Connect with us

Things To Do

John Cusack still willing to “Say Anything” in (614) interview

J.R. McMillan

Published

on

If actors are fortunate, they’re remembered for one film that epitomizes the angst, anxiety, and aspirations of a generation. John Cusack has a career full of them. From cult to iconic, acclaimed to obscure, it’s perhaps impossible to overstate his influence or put him in a box.

Indelible ensemble performances in Sixteen Candles and Stand by Me, along with leading roles in The Sure Thing and Better Off Dead, earned Cusack an early reputation as a relatable and reliable talent just as the prospects for many of his teen comedy contemporaries were flaming out after puberty.

Then came Say Anything, which remains the anthem for every misfit who’s punched above his weight, and every girl who’s fallen for the one guy her friends and parents were quick to dismiss.

Cusack could have quit at the end of the credits and we’d still be talking about Lloyd Dobler and his boombox 30 years later. But instead of subpar sequels, he offered a second act we rarely see—one built on personal passion, purposeful projects, and the crisis of conscience that closely parallels the teen rite of passage that could have easily typecast him into oblivion.

“I had the luxury to work in film when it was a little less corporate. People who ran the studios were individuals. They would have a portfolio they’d take to shareholders and say, ‘Here are our tentpole films,’ ” Cusack explained. “But they had six or seven movies a year they would give to artists they liked. I got to make Grosse Pointe Blank and High Fidelity, Spike Lee got to make Summer of Sam, and Wes Anderson got to make Rushmore. It was because of the tastes of a guy named Joe Roth who ran Fox, and ran Disney. We never had to beg for money, and we never had to protect the cuts.”

Even if not for Roth’s old school style and reluctance to treat test screenings as more than just another metric, Cusack also wrote and co-produced Grosse Pointe Blank and High Fidelity. Wearing multiple hats in Hollywood doesn’t always mean you get your way. But at the time, Cusack’s artistic vision and authority on both films were nearly absolute.

BROUGHT TO YOU BY

“I sort of bridged the gap between the 60s and 70s filmmaking culture and from about 2000 on when the film companies became a very, very, small fraction of multinational corporations,” he recalled. “All I had to do for those movies was tell Joe, ‘We’re going to shoot this in 48 days.’ I wasn’t going to go a day over schedule or waste any of his money. We didn’t have to deal with financiers or studio interference. I never felt like any film I made with Joe was compromised artistically. It was a different era.”

Cusack has an impressive history of prophetic films that seemed to predict everything from the rise of mixed martial arts to the renaissance of vinyl records. And even though politics can be polarizing, his films never shy away from them.

“But I’ve always been pretty consistent about needing to say what you feel and the need to put provocative stuff, dangerous stuff into art.”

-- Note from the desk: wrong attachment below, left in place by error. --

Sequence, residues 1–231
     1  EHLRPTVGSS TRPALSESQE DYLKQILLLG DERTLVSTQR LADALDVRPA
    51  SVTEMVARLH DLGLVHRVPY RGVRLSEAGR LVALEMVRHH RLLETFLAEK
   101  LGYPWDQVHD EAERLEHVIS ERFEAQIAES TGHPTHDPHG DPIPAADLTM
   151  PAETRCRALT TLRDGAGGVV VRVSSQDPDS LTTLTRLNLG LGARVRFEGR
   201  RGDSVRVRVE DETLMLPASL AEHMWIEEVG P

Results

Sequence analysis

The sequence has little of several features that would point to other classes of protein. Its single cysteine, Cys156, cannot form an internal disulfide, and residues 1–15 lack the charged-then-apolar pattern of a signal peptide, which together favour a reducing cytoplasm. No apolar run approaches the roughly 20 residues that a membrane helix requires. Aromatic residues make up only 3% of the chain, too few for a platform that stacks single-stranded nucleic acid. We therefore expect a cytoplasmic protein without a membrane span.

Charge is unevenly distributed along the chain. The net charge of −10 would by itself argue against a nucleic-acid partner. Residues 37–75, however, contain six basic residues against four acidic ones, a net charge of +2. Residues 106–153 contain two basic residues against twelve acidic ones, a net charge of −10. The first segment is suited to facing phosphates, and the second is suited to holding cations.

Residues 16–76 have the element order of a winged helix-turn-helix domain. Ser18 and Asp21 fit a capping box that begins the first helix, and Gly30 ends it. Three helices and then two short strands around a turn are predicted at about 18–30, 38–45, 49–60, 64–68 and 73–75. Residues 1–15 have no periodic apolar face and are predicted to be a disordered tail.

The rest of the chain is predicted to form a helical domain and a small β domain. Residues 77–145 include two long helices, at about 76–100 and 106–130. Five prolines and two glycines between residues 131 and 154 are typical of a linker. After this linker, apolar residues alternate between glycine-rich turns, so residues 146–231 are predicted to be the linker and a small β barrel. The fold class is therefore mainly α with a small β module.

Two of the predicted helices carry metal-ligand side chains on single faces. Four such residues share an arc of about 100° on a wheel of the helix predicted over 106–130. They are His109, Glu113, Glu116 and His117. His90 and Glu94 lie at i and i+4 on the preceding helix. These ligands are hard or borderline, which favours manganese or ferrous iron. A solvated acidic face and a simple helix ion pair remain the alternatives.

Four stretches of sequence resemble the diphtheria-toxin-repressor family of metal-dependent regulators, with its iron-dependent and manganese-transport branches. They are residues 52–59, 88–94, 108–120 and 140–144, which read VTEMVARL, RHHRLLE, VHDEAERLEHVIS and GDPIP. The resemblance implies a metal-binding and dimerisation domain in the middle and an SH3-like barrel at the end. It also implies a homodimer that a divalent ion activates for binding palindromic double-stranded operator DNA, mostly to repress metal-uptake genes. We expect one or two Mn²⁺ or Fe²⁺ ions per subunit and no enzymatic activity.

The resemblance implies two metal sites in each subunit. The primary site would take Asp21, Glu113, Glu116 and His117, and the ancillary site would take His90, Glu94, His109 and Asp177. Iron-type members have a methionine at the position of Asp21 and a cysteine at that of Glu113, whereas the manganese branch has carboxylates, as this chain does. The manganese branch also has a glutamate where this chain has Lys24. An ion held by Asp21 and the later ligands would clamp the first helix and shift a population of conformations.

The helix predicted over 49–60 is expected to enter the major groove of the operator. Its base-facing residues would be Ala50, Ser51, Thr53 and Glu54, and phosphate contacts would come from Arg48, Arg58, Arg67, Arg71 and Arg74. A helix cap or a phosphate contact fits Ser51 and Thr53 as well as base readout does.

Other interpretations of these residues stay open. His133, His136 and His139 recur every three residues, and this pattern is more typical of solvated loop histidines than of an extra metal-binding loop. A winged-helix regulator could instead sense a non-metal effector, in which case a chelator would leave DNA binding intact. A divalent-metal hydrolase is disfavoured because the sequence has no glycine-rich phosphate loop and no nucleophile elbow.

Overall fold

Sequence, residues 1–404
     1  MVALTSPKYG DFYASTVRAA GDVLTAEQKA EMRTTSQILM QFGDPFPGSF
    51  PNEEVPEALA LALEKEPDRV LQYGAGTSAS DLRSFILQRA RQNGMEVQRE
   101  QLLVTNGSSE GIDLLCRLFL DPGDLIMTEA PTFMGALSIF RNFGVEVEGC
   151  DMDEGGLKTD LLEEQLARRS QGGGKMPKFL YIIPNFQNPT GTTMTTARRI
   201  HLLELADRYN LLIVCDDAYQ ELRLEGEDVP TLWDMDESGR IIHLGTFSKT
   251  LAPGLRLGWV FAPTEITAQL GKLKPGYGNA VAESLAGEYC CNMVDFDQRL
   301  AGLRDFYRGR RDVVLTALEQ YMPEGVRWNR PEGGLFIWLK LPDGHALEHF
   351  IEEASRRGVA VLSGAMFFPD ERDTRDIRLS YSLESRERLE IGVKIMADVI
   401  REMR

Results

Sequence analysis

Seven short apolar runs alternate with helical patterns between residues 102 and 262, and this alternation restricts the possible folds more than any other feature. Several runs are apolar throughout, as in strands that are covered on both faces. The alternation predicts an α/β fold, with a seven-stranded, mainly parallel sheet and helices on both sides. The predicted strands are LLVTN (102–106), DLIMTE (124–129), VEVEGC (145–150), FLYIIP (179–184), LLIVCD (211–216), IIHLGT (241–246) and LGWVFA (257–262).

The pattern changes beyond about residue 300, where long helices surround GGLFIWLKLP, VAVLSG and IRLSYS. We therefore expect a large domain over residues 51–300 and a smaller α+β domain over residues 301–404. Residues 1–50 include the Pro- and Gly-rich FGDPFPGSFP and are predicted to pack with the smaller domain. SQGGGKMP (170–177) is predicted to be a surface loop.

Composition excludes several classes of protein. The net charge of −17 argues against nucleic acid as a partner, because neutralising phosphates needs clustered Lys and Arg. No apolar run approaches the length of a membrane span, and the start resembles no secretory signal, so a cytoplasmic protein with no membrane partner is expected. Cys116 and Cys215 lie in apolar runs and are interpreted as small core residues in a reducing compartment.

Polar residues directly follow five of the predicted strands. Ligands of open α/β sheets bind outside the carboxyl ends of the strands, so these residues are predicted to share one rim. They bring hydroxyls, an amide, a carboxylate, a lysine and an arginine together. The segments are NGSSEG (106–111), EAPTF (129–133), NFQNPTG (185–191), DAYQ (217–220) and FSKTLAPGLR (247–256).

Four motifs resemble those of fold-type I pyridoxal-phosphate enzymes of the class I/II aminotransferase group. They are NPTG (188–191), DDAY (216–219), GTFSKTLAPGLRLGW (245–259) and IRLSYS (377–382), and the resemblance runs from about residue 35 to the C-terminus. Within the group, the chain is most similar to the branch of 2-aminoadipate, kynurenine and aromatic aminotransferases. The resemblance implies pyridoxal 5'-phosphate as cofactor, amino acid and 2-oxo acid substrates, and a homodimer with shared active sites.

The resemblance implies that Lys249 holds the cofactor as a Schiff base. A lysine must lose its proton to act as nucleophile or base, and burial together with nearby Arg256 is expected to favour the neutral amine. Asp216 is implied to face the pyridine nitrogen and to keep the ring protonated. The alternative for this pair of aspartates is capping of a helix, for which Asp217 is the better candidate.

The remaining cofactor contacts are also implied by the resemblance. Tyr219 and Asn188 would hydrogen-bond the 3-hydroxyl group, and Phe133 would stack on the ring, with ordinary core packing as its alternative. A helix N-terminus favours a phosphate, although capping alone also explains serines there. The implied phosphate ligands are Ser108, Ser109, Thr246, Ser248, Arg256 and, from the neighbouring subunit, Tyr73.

Have his outspoken opinions closed some doors, or opened others? If so, he hasn’t noticed, and doubts any such differences or decisions run that deep. Much like his earlier characters, Cusack still isn’t worried about winning a high school popularity contest or becoming prom king.

“Hollywood financiers have become far more shallow and the ethics are so transactional, I don’t think people pay attention long enough to consider politics as much as what’s hot right now,” he opined. “But I’ve always been pretty consistent about needing to say what you feel and the need to put provocative stuff, dangerous stuff into art.”

Cusack’s characters are often an everyman at odds with the status quo, though he can still pull off the affable anti-hero—as a serial grifter, a contract killer, and a political assassin. But Cusack is also an underrated chameleon, having transformed into a surprising range of real-life characters, from Nelson Rockefeller in Cradle Will Rock and Edgar Allan Poe in The Raven to Richard Nixon in Lee Daniels’ The Butler and Brian Wilson in Love & Mercy. Inhabiting someone else’s skin is a challenge and responsibility he doesn’t take lightly.

“You immerse yourself in a character. Obviously Edgar Allan Poe and Richard Nixon aren’t going to give you any notes. But I hope the real-life characters I’ve played represent the essence of them, the spirit of them. You don’t want to do a literal imitation, but you hope you capture some part of them that’s eternal.”

With the advent of streaming services and digital downloads, Cusack’s earlier work is connecting with new fans, often the children of those who came of age in the 80s and 90s. And though some actors may cringe at the prospect of their earlier endeavors becoming easier to find and effectively lasting forever, the timelessness of Cusack’s films, old and new, still rings true.

“There’s a great story about one of my favorite films, Sweet Smell of Success. It came out and got savage reviews. People can’t see new art when it comes out. So it sat on a shelf until someone at WGN said, ‘We have this Burt Lancaster/Tony Curtis movie. Why don’t we start playing it?” It got a cult following being screened at 10 o’clock or midnight on,” Cusack explained. “Then Barry Levinson had one of the characters in Diner quoting from the movie all the time. It finally started to get looked at again, and it’s a classic. It’s easily considered Lancaster and Curtis’ best work, but it was gone for 30 years. Now, you can’t kill a film. No matter what you do to a film, it’s going to find its audience sooner or later.”